Julius Caesar Review Questions

Act I – Review Questions

  1. What purposes are served by having the citizens appear in the opening scene of the play?
  2. What special contribution does the Second Citizen make to the appeal of the scene?
  3. Define “pun.” Give two instances of the use of the pun by the Second Citizen.
  4. What do you learn from the first scene of the conditions in Rome?
  5. By what devices has Shakespeare made Marullus’ long speech to the citizens a most inspiriting one?
  6. Do you think the play gains from having Caesar introduced only indirectly in Scene I and then directly in Scene 2? Discuss.
  7. How would you stage the opening scene if you were directing a production of the play?
  8. Why is it fitting that Caesar’s first appearance should be in the Feast of Lupercal procession?
  9. How does Shakespeare make dramatic the introduction of the Soothsayer?
  10. Which speeches of Cassius and Brutus inform us that Brutus has been disturbed recently by conditions in Rome?
  11. Why was the day of the Feast of Lupercal an opportune time for Cassius to approach Brutus on the subject of Caesar?
  12. What traits in the character of Brutus provide Cassius with soul to work on when he endeavours to turn Brutus against Caesar?
  13. What features do you find in the character of Cassius that are not evident in that of Brutus?
  14. What do we learn of Cassius, of Antony, and of Caesar himself from Caesar’s famous speech beginning, “Would he were fatter”?
  15. What is gained or lost by having Casca tell of the offering of the crown to Caesar rather than by having the incident take place on stage?
  16. Define “soliloquy.” Why is the soliloquy seldom used in modern drama? Mention at least two purposes it serves when used in the final speech of Scene 2.
  17. How does Cicero serve as a foil for Casca in the Storm Scene?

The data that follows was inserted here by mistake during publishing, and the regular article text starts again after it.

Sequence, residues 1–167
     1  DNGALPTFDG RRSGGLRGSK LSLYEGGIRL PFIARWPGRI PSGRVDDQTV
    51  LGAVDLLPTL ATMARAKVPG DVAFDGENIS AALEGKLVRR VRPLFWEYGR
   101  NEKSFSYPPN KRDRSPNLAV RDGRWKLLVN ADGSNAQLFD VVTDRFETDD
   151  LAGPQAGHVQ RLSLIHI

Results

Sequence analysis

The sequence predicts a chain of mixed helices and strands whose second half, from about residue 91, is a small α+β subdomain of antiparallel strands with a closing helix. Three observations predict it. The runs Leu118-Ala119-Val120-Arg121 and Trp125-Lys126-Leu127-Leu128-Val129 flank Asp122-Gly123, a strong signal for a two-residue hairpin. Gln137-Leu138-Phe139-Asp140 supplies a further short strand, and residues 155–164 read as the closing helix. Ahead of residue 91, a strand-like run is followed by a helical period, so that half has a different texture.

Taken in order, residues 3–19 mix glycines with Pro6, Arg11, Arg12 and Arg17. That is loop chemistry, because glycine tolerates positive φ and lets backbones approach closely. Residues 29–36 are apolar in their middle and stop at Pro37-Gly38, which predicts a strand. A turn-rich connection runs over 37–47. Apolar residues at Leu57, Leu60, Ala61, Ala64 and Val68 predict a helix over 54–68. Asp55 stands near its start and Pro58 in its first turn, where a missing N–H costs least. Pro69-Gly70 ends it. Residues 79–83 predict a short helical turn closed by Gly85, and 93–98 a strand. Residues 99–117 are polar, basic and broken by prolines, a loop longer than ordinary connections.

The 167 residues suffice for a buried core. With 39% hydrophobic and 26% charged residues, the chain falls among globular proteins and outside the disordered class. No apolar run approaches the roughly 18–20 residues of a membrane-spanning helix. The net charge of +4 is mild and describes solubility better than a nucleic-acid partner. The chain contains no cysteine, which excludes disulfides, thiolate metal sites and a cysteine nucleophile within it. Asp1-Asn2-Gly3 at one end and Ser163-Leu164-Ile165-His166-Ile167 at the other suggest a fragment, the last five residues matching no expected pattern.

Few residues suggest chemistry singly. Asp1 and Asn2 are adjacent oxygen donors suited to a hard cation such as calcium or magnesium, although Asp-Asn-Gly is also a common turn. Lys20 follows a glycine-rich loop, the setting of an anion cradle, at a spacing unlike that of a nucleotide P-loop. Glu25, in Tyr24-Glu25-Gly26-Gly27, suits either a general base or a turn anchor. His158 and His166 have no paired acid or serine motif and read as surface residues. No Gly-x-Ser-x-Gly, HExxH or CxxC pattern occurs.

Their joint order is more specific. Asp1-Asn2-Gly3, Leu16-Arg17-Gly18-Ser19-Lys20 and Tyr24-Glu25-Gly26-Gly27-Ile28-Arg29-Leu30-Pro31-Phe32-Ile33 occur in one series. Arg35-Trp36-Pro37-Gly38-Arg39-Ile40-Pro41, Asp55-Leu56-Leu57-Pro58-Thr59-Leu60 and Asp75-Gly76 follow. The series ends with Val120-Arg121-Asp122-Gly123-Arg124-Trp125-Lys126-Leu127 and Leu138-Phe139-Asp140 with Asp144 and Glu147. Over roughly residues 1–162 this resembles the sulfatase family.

18. Why does Shakespeare introduce the prodigies described by Casca? Do you know of any other Shakespearean play that resorts to the use of unnatural happenings for a similar purpose?
  19. Why is Cassius seeking to have Caesar destroyed? What is your opinion of the means to which he resorts to gain his ends?
  20. How far has the First Act advanced the plot of the play?

Act 2 – Review Questions

  1. Why do the incidents of Scene I take place at night and on the last night before the Ides of March?
  2. Into what four divisions can Scene I be naturally divided?
  3. What evidence is there in Scene I that Brutus has been much perturbed about the problem of Caesar?
  4. By what line of reasoning does Brutus justify his decision to take part in the murder of Caesar? Do you believe his reasoning is sound or faulty?
  5. Write down the talk, as you think it might have taken place, that went on between Brutus and Cassius while the other consipirators discussed the point of sunrise. (Use blank verse preferably, and try to catch the style of Shakespeare).
  6. On what matters do you find Brutus and Cassius not in agreement after Brutus joins the conspiracy? How are their characters further revealed by the attitudes on these matters? How is the introduction of these points of dispute concerned with the development of the plot? Why do the conspirators permit Brutus to have his way on these issues?